Whiff of double standards in government's take on air quality
We hear that following the row over higher electricity tariffs earlier this year, CLP has put more or less on 'permanent hold' the work on converting its Castle Peak 'A' power plant from coal-fired to the cleaner gas-fired boilers. It will now continue to run on coal with just one experimental agglomerator, which removes particle matter, but no scrubbers, which take out sulphur.
The government is pressing the power companies to meet emission standards but it would appear that it only wants them to 'meet' these standards rather than to better them by a wide margin. That is, the Environment Bureau doesn't want them to improve their emissions too much, because the resulting capital expenditure would result in a rise in tariffs.
The scheme of control, which is negotiated with the government, allows companies an agreed rate of return from its depreciated net assets. At the same time, the government urges the power companies to reduce emissions, but it doesn't have the guts to tell the public that this will cost more. Instead, it publicly blames the power companies when they try to raise tariffs.
CLP had wanted to raise tariffs by 9.2 per cent but after the government-inspired row, ended up with a 4.9 per cent increase. The direct effect of this is lower air quality in an arrangement agreed by the bureau.
At the same time, CLP has been forced by the Hong Kong government to buy its gas from the mainland at prices that will have to be negotiated with supplier CNOOC. But since CLP has been cut off from global markets, it's not hard to see who will have the advantage in those discussions.
The Environment Bureau, led by Edward Yau Tang-wah, plays a highly duplicitous role in the politics of Hong Kong air quality. On the one hand it claims that it can't do much about Hong Kong's dirty air and says much of the pollution comes from the Pearl River Delta; on the other it ignores effective measures that could be taken to get old buses and trucks off the road.
When CLP wants to convert to environmentally cleaner gas, the government and the bureau show they have no stomach for a fight with the public and agree to lower standards.
Gag reflex to Shell's Arctic campaign
Someone has picked up on Shell's Lets Go Arctic campaign to drill for oil and gas in the region. They have set up a fake Shell website and asked for spoof Shell advertisements in support of the campaign. A few examples: a pretty white fox prances over the Arctic landscape with the caption: 'You can't run your SUV on cute'. There's a picture of the sunken Titanic next to an iceberg with the caption: 'Never again'. There's a shot of a polar bear swimming in pristine Arctic waters, and the caption reads: 'I'm sure I can live in a perfectly nice zoo somewhere'. For more, go to: http://arcticready.com/social.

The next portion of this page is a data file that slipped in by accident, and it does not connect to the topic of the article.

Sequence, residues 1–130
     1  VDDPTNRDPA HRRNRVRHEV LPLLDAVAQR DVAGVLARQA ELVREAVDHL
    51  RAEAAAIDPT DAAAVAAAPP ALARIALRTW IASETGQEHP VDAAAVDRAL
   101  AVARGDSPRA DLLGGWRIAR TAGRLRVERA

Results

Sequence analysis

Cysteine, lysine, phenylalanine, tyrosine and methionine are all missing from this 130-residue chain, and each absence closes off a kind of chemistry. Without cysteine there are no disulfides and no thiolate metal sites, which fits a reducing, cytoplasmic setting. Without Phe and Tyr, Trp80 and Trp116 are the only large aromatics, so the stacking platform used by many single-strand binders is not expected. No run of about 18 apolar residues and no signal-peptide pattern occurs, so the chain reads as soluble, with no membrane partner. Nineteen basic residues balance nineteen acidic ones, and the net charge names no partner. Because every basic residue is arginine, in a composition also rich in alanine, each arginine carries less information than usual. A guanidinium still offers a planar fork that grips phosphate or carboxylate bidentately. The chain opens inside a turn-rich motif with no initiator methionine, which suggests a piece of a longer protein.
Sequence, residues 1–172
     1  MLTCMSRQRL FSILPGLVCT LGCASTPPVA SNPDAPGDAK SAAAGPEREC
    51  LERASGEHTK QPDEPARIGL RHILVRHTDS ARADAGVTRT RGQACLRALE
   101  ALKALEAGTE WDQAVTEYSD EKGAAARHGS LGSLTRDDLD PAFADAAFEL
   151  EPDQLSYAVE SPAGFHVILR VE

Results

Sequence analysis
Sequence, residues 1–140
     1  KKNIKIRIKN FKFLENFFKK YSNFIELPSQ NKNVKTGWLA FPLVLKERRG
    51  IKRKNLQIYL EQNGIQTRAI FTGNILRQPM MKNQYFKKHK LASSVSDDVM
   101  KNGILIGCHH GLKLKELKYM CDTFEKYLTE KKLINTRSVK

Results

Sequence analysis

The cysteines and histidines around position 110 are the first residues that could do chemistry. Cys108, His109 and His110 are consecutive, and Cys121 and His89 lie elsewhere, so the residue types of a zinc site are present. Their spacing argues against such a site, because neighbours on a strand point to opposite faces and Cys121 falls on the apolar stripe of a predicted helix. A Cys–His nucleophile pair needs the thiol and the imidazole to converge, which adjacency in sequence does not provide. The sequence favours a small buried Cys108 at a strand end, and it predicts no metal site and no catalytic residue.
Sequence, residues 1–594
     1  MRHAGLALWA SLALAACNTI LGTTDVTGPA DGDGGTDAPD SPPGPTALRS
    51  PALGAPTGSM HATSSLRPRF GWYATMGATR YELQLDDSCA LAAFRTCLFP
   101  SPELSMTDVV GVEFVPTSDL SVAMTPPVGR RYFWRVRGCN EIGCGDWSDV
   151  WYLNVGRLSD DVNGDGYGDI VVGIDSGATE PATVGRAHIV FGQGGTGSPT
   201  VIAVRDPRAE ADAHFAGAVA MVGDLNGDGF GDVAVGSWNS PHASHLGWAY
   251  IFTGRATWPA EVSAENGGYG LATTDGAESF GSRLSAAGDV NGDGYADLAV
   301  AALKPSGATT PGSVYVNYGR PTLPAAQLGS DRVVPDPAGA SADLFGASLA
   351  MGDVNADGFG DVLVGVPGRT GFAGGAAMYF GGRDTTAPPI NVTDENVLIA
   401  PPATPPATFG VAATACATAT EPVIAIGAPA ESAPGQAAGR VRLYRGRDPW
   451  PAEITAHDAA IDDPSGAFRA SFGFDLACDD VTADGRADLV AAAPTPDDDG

Shell's campaign has been driven by the view that the Arctic holds around 30 per cent of the world's undiscovered natural gas and 13 per cent of its yet-to-find oil. 'This amounts to around 400 billion barrels of oil equivalent, 10 times the total oil and gas produced to date in the North Sea,' Shell says.
Fine drops nothing to whine about
The one positive thing that can be said for our uncertain economic times is that the price of drowning our sorrows has declined.
By that we mean that the Liv-ex Fine Wine 100 Index has declined 2.18 per cent since the beginning of the year and 22.5 per cent over the last 12 months, but is up 19.6 per cent over the past five years.
The Liv-ex Fine Wine 50 Index, which tracks Bordeaux first growths, has done similarly over the last 12 months but is up 43.2 per cent over the past five years. This is presumably on account of our motherland's recently discovered affinity for all things Bordeaux.
Schwarzman misses mark
Good to see Blackstone CEO Stephen Schwarzman stepping up to the plate to defend JPMorgan's Jamie Dimon over his firm's recent US$2 billion snafu. The loss has triggered at least five federal probes and two planned Capitol Hill hearings with Dimon. It has also renewed the debate on whether the curbs on banks' proprietary trading have been tightened sufficiently.
However, Schwarzman appears to think everyone is making too much fuss over the JPMorgan loss. 'Occasional losses are inevitable,' said he. 'Publicly excoriating JPMorgan serves no purpose except to reduce people's confidence in the financial system.'
But Lai See's view is that recent experience suggests that Schwarzman's comments are wide of the mark, and the confidence people have in the financial system is misplaced.